INDIA – Voters kick off world’s biggest election
Indians began voting in the world’s biggest election on Monday which is set to sweep the Hindu nationalist opposition to power at a time of low growth, anger about corruption and warnings about religious unrest.
India’s 814-million-strong electorate are forecast to inflict a heavy defeat on the ruling Congress party, in power for 10 years and led by India’s famous Gandhi dynasty.
Voting began at 7:00am (0130 GMT) in six constituencies in tea-growing and insurgency-wracked areas of the northeast, an often neglected part of the country wedged between Bangladesh, China and Myanmar.
The nine-phase parliamentary election ends on May 12 and the results should be announced four days later.
Santoshi Bhumej was the first woman to cast her ballot at a school which has been converted into a polling station for the day in Dibrugarh in the state of Assam.
“I want the government to reduce poverty and do something for the future of my children,” said the 30-year-old tea plantation worker, who is expecting her fourth child. “I can’t tell you who I voted for, but it is our responsibility to vote as citizens.”
The marathon contest got under way after a bad-tempered campaign which reached new levels of bitterness at the weekend. (see “Background” below)
… The election will be the biggest in history and is a mind-boggling feat of organization as voters travel to nearly a million polling stations.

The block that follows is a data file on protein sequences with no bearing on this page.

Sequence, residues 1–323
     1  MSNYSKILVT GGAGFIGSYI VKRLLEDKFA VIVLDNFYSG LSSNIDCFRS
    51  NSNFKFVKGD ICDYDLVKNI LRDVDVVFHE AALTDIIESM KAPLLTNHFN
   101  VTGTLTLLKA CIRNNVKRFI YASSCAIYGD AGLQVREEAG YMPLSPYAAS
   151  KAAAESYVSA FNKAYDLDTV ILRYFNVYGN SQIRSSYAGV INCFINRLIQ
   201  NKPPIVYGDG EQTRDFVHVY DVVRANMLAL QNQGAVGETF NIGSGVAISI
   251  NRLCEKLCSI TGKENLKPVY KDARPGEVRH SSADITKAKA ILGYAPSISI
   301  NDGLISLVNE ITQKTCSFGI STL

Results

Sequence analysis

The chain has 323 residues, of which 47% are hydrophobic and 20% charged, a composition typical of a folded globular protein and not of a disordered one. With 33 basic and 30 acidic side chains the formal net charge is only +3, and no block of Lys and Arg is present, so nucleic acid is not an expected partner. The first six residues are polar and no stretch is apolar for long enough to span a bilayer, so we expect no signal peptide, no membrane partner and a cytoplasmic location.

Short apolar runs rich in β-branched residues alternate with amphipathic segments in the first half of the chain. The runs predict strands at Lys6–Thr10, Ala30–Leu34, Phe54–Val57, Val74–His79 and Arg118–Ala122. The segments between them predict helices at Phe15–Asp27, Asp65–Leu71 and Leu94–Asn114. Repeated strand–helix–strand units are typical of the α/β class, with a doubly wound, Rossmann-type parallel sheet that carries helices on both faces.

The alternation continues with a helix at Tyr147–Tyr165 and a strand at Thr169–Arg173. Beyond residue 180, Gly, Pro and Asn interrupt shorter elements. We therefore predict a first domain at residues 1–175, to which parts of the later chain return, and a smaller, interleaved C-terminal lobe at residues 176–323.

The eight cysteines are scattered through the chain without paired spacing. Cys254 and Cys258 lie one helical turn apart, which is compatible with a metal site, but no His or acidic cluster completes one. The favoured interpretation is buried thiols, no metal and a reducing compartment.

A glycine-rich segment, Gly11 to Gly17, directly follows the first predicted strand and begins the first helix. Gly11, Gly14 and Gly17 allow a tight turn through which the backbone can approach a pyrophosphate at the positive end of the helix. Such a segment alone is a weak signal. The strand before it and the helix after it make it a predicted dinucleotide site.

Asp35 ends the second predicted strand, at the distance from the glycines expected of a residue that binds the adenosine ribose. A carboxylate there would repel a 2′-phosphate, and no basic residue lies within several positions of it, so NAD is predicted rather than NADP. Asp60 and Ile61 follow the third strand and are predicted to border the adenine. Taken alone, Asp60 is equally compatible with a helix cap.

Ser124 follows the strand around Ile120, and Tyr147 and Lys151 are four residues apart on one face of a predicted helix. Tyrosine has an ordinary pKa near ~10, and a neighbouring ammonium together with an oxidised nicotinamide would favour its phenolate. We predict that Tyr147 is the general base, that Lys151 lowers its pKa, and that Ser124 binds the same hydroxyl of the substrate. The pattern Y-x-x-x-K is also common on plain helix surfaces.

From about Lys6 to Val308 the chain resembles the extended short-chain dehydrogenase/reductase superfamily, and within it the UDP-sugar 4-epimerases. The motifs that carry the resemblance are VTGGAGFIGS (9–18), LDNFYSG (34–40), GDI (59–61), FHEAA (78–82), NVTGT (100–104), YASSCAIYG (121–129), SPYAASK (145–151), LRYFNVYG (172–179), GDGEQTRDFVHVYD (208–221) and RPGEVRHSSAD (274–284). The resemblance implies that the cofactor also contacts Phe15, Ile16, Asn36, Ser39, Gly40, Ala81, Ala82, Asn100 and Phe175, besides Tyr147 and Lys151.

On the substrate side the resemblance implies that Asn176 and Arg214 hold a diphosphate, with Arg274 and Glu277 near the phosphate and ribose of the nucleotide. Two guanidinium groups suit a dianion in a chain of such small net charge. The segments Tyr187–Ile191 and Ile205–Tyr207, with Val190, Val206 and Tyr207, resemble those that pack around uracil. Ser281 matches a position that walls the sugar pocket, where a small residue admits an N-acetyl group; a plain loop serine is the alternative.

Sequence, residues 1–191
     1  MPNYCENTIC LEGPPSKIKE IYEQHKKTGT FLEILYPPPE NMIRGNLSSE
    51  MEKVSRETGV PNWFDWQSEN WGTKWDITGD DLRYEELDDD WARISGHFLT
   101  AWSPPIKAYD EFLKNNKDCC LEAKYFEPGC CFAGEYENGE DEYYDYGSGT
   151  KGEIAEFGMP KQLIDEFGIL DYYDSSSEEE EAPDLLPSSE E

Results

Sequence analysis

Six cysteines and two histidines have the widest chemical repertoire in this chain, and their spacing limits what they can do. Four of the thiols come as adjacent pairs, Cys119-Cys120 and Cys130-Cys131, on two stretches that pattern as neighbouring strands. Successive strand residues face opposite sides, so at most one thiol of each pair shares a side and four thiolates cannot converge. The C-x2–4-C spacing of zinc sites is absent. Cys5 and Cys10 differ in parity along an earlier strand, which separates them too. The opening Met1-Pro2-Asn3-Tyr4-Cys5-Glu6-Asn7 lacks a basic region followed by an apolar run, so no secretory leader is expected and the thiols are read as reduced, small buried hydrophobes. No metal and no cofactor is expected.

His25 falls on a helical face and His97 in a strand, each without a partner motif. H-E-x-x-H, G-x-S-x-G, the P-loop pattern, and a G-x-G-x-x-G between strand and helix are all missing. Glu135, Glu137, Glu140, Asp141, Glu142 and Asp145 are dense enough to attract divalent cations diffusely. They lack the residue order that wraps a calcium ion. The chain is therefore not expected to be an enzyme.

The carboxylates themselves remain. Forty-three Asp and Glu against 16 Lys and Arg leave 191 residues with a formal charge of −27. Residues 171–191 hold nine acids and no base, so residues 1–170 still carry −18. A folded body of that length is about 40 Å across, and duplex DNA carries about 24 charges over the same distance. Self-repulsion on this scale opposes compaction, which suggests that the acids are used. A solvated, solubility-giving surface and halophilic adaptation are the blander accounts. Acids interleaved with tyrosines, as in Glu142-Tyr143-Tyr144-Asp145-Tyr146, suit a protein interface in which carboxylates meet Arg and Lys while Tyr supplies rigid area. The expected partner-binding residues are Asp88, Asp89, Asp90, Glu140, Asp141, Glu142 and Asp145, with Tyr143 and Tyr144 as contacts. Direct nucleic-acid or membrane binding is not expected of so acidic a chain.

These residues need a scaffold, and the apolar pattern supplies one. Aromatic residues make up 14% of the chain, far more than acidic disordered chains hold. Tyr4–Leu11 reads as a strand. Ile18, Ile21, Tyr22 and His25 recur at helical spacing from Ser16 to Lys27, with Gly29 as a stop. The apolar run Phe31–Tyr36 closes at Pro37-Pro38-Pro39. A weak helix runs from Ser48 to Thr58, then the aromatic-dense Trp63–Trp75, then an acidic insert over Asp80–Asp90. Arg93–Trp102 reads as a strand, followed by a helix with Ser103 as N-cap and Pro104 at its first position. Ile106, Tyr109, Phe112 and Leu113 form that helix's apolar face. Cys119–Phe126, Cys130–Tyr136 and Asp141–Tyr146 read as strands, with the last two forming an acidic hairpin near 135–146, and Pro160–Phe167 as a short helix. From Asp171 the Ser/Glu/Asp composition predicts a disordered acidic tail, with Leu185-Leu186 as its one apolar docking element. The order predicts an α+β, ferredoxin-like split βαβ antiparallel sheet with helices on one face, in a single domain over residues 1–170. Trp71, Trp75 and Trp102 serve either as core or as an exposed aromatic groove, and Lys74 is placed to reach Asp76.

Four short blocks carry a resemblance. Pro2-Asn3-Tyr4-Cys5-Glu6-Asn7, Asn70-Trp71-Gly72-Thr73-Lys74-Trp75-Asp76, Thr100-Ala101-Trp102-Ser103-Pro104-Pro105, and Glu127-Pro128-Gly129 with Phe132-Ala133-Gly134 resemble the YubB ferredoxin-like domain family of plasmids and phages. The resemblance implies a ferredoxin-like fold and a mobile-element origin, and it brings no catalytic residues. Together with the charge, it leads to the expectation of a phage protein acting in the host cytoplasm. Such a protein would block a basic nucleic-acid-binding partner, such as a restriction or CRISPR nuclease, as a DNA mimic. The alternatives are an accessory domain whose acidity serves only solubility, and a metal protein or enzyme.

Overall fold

In 2009, officials walked for four days through snow to deliver voting machines in the Himalayas, while yaks, camels and even elephants were pressed into action elsewhere in the vast country.
Such is India’s population growth that 100 million people have joined the electoral rolls since the last vote five years ago. More than half of the country is aged under 25.
VENEZUELA – Government issues ID cards to prevent food hoarding
CARACAS and BOGOTA | Grappling with scarcities of sugar, milk, cornmeal and other basic foods, the Venezuelan government Tuesday unveiled a new electronic identification system for shoppers that critics say is a modern version of a ration card*. Socialist President Nicolas Maduro described it as a means of “safeguarding food sovereignty.” [Ration cards are cards issued to citizens by a government to allow the holder to obtain food or other commodities that are in short supply during wartime or in other emergency situations. Ration cards were used during WWII because commodities were in short supply. Rationing in Cuba refers to the system of food distribution known in Cuba as the Libreta de Abastecimiento (“Supplies booklet”). The system establishes the rations each person is allowed to buy through that system, and the frequency of supplies. It was instituted in 1962 by communist dictator Fidel Castro.]
The system will employ electronic fingerprint IDs similar to those used to identify Venezuelan voters to register shoppers who purchase goods at the state-run grocery chains Mercal, Bicentenario and PDVAL. Announcing the system last month, Maduro said it will assure food supplies for 84% of Venezuelans. He did not speak to the impact on the other 16%.